Wallaces’ Brother Recounts Night She Fell Ill, Says Uncle Gave ‘Little Red Pill’ to ‘Help Them Sleep’

(File photograph.)

As Miguel Rivera, the uncle and babysitter of Haverhill sixth grader Precious Wallaces, sits in jail on several charges relating to her death—including alleged rape of a child—new details have surfaced about the night she fell ill.

Just-released court documents confirm Precious’ younger brother underwent a forensic interview during which he described how 58-year-old Rivera would give him and his sister a “little red pill” before bedtime each time they stayed at his Lawrence apartment to “help them sleep.” It is reported he paid the children to ingest the pill, believed to be amitriptyline, a medication used to treat nerve pain and depression. A common side effect of the drug is drowsiness.

Precious Wallaces (Courtesy photograph)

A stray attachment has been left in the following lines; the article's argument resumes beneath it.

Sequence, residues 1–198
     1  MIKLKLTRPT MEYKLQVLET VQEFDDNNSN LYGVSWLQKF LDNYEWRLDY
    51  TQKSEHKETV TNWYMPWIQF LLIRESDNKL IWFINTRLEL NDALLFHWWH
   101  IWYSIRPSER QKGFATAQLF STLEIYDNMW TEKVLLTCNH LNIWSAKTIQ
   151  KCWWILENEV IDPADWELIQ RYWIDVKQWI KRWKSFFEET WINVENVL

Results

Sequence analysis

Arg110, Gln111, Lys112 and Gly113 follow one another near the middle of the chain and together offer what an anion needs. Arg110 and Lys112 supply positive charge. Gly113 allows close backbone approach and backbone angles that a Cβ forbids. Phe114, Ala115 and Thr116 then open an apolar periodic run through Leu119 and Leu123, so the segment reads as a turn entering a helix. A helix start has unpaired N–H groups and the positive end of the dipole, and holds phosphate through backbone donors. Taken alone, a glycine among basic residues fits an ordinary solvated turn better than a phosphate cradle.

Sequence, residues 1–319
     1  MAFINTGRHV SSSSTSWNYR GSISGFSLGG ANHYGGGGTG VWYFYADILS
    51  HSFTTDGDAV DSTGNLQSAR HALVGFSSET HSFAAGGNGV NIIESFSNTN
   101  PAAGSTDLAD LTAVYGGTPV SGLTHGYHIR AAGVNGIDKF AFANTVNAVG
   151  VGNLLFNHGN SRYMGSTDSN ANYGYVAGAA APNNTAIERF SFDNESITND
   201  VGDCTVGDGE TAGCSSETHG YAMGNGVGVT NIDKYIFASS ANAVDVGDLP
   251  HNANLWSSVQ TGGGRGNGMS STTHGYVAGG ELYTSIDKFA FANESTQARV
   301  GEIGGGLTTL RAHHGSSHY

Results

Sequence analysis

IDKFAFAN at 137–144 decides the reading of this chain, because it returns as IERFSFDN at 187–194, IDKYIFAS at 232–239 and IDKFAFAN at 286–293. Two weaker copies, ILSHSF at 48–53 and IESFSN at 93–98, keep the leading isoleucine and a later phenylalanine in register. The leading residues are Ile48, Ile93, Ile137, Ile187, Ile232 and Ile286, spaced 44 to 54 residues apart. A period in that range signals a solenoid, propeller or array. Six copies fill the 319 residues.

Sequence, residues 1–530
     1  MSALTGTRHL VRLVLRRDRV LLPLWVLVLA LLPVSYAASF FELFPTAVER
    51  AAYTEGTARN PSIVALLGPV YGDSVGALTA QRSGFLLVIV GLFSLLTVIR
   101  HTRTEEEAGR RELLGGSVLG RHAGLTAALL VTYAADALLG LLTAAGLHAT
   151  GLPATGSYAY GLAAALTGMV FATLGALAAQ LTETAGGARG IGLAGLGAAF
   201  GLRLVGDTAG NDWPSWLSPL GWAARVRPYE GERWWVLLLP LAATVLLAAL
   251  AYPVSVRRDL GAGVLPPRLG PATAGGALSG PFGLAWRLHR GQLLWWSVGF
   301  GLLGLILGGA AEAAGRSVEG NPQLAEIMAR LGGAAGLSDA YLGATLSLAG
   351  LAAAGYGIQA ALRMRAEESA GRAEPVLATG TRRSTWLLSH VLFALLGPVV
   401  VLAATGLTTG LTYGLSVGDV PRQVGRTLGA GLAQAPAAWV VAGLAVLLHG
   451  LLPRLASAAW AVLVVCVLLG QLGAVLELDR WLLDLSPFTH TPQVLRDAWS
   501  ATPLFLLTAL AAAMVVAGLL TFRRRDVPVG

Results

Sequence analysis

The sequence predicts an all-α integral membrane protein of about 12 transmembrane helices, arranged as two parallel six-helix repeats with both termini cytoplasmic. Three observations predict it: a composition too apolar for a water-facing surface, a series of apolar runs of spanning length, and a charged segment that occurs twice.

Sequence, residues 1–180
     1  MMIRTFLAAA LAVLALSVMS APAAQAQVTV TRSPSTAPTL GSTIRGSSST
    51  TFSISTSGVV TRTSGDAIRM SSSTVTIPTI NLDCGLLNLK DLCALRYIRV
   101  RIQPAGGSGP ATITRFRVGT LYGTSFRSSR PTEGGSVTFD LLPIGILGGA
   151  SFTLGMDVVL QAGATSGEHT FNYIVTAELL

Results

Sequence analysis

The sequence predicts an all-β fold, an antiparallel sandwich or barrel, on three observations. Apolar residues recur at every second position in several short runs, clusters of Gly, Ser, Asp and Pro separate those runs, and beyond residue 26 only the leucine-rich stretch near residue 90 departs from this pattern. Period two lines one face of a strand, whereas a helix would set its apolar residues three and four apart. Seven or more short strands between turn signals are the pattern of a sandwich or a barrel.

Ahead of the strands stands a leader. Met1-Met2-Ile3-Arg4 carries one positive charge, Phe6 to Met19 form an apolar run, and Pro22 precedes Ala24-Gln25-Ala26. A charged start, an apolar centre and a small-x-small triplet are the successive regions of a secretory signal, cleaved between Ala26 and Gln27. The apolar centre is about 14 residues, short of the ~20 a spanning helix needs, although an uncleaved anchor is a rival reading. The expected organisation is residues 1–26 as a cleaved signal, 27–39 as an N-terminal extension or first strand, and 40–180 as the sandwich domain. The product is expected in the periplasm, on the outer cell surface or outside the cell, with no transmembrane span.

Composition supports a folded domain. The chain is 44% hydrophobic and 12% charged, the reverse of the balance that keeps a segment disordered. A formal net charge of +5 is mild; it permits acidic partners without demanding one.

“(The boy) stated his uncle had given (him and Precious) a small red pill to swallow at bedtime and described the pills as coming from a prescription-type bottle,” State Police Trooper Matthew Wilson said in the police report filed Jan. 29, the day Rivera was formally charged with rape of a child by force. The boy said the pills were “to help them sleep and that his uncle gave them to them every time they stayed over.”

Rivera, who had a valid medical prescription for amitriptyline, previously denied giving Precious a pill to help her sleep when questioned by Lawrence police. On Dec. 15, the night Precious fell ill, Rivera was captured on video allegedly flushing pills down the toilet before police arrived.

In Wilson’s just-released report, police say Rivera provided a DNA sample in the week before the rape charge was filed and “adamantly denied there was any possible reason his sperm or DNA would be found on (Precious).”

The girl’s autopsy confirmed the presence of Rivera’s DNA, along with fentanyl and amitriptyline, Wilson testified.

As WHAV previously reported, Rivera was placed in protective custody at the Middleton House of Correction once news of his rape charge became public. Essex County Sheriff Kevin F. Coppinger said the security measure was taken after several inmates attacked Rivera, leaving him with bumps, bruises and a small cut.

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